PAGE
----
Physical bullion demand in India, the world's second-largest gold consumer, slowed down this week as prices approached near record high levels, dampening retail purchases in the absence of festivals.

"Indian consumers are price sensitive. Their buying patterns have been changing; they wait for price corrections and buy when they feel comfortable," said Amit Modak, chief executive of PN Gadgil and Sons, a jeweller based in the western city of Pune.

Domestic prices were trading around 72,800 rupees per 10 grams, after hitting a record high of 74,442 rupees last month.

Indian dealers offered a discount of up to $13 an ounce over official domestic prices – inclusive of 15% import and 3% sales levies, versus last week's discount of $10.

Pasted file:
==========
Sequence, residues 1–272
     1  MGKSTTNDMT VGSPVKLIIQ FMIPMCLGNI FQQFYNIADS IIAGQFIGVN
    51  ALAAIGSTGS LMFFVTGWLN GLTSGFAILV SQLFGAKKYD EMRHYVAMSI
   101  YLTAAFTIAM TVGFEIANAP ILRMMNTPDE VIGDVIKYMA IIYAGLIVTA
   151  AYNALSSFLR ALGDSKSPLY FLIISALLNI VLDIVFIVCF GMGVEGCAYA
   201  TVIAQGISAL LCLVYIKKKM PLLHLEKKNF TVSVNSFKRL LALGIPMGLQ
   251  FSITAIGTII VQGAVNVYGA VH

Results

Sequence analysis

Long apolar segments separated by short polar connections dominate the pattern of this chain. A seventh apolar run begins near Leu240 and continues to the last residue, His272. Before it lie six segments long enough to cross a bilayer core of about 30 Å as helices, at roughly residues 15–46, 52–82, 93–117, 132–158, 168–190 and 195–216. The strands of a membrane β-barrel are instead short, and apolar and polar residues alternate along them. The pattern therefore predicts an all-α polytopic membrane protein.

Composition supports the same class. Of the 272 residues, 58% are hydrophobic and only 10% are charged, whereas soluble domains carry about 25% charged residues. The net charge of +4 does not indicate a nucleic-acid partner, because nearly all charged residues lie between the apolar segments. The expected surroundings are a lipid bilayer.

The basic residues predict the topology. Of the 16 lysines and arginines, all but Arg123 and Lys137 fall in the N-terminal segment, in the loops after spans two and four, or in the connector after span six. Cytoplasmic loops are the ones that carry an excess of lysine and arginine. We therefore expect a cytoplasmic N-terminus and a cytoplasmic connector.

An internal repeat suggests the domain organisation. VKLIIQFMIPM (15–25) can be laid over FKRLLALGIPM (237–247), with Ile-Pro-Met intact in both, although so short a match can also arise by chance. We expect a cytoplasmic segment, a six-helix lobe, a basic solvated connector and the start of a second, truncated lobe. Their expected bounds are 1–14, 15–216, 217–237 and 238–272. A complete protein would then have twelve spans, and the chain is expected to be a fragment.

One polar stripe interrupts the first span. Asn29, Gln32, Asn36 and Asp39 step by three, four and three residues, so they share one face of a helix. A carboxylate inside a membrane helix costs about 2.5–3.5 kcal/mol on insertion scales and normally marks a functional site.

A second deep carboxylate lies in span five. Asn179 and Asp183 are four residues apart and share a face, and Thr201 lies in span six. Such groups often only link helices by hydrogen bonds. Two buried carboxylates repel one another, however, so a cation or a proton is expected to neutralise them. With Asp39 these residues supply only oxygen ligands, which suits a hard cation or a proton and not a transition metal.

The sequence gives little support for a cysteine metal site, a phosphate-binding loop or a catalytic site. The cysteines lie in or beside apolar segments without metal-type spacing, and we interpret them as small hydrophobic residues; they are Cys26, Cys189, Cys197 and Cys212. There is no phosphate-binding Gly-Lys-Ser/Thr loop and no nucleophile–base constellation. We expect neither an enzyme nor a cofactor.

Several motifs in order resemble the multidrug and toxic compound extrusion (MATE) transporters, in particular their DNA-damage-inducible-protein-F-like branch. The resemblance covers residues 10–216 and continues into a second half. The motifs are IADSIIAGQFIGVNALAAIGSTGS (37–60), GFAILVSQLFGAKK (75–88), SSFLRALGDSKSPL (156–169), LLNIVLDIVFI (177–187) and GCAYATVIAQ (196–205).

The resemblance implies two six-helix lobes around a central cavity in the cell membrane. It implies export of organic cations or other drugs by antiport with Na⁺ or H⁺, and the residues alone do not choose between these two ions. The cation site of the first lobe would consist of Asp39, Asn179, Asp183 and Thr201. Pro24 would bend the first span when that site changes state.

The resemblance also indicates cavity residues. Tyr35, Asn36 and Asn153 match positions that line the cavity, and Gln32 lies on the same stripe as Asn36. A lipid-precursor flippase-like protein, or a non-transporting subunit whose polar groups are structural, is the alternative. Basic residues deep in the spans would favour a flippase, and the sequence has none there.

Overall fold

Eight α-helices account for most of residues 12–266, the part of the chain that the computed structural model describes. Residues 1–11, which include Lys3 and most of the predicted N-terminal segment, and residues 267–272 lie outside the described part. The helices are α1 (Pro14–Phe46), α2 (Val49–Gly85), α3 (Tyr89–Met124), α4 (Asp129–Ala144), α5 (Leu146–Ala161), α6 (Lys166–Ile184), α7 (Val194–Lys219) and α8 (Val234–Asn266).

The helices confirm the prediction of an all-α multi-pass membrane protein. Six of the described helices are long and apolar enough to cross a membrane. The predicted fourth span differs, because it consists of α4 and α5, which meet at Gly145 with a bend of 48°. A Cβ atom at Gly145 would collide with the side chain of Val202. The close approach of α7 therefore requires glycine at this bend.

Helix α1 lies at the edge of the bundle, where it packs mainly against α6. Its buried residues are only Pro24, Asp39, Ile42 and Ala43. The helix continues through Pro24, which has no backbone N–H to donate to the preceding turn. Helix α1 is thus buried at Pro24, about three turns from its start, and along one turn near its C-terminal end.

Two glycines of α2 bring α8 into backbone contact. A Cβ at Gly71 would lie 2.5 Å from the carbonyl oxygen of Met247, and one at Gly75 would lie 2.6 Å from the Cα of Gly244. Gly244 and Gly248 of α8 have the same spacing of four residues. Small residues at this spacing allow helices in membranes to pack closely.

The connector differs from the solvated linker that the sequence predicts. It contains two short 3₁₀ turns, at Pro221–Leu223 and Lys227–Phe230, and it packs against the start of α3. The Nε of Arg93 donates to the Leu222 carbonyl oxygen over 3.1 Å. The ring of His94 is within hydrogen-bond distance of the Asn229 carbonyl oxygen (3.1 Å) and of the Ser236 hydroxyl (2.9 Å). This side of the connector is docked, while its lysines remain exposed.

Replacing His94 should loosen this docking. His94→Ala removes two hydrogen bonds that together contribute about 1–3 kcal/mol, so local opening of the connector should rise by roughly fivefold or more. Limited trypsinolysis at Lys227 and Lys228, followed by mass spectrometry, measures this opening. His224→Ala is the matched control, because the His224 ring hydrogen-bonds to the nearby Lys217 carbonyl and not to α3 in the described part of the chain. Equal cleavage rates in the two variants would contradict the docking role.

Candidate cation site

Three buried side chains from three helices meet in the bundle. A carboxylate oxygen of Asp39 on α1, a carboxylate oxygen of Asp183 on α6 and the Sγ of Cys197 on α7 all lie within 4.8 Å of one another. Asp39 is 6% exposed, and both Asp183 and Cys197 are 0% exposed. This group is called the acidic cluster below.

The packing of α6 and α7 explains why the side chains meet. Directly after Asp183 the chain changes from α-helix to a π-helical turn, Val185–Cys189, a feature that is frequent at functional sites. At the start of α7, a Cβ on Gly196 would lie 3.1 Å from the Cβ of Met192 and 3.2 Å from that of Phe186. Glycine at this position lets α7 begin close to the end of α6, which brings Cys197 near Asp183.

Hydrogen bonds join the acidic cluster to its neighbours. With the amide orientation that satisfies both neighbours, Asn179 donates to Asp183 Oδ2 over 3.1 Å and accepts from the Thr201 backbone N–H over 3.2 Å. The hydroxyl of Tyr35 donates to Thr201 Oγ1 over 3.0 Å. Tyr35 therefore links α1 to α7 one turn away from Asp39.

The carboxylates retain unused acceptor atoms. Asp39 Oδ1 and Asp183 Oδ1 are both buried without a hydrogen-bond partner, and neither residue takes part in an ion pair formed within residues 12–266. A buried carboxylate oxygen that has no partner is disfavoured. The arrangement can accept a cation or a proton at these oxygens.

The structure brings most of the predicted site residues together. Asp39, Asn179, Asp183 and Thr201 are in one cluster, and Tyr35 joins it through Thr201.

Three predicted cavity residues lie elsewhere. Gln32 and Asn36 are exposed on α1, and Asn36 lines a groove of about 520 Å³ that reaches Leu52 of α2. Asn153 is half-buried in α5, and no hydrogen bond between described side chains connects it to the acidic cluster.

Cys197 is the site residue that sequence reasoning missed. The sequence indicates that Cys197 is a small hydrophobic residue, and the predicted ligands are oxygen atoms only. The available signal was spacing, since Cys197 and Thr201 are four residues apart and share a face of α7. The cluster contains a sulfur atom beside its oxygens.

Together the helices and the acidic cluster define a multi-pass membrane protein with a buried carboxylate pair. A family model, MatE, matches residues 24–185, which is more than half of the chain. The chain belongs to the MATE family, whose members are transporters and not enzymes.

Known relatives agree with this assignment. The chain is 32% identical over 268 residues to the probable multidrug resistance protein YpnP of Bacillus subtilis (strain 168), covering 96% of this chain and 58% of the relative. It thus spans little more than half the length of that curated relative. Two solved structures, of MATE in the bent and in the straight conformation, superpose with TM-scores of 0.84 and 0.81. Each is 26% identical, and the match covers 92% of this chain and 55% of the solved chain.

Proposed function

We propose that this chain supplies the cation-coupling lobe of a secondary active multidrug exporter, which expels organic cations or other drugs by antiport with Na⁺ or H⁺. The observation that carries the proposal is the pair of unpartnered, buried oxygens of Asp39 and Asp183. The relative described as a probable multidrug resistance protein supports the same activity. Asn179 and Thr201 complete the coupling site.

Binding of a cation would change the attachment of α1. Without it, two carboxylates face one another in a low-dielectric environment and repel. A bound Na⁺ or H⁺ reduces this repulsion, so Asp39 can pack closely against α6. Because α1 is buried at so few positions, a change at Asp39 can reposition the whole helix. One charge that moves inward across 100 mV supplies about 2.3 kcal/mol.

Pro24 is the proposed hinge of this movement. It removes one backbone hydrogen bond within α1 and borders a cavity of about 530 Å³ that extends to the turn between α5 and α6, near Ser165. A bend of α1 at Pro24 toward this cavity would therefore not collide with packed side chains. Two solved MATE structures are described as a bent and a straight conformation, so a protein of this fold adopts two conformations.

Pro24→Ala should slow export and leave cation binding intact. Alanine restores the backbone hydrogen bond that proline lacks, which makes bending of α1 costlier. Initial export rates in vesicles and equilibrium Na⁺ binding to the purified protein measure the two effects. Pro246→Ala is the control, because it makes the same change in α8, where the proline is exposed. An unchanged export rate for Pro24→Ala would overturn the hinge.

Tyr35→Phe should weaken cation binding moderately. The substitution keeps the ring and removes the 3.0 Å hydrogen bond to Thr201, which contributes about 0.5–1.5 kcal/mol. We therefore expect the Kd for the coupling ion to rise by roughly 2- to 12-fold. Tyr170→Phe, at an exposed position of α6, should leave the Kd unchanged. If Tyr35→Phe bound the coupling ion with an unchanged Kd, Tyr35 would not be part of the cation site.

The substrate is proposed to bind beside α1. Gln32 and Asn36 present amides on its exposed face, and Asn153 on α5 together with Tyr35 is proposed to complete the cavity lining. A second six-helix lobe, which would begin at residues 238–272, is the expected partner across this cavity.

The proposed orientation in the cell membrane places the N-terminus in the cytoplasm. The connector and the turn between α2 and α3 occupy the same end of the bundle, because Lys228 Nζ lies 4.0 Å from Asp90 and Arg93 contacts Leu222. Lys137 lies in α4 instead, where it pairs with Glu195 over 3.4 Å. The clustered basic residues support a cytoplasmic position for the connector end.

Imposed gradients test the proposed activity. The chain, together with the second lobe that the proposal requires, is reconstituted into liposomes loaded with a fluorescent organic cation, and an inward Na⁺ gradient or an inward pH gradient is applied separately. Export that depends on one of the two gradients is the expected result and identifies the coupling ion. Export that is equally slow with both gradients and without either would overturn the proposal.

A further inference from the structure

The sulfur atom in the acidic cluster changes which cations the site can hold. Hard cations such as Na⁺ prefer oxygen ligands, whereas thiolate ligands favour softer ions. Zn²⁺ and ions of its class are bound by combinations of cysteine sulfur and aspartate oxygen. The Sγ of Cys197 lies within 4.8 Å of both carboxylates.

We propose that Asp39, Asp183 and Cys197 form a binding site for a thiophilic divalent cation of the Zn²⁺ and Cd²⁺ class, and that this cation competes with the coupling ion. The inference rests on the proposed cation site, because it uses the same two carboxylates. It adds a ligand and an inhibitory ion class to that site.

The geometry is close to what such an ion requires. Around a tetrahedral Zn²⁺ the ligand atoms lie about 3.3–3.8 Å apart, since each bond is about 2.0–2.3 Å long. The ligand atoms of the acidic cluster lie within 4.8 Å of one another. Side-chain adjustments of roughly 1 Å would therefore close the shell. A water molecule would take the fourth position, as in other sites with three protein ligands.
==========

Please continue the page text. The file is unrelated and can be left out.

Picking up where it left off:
Jewellers are not keen to build stocks at the current price level, as there is no sign of recovery in retail purchases, said a Mumbai-based dealer with a private bullion importing bank.

In top consumer China, dealers charged premiums of $18-$25 per ounce over international spot prices this week compared with $18-$26 last week.

Traders noted that Chinese demand is likely to remain subdued as summer months approach, a seasonal period that typically sees lower activity.

"Future developments like import quota releases and global price movements could spark renewed interest (from China) in the latter half of the year," Bernard Sin, regional director, Greater China, at MKS PAMP said.

Gold was sold at par to $2.20 premiums in Singapore and at par to $2 premiums in Hong Kong.

In Japan , bullion was sold at par to $0.5 premiums, slightly lower from last week.

"Activity was quiet due to the bad weather condition this week, but buying interest remains strong," a trader based in Tokyo said.

Elsewhere, the World Gold Council in its annual survey found that more central banks plan to add to their gold reserves within a year. (Reporting by Ashitha Shivaprasad in Bengaluru and Rajendra Jadhav in Mumbai; Editing by Shailesh Kuber)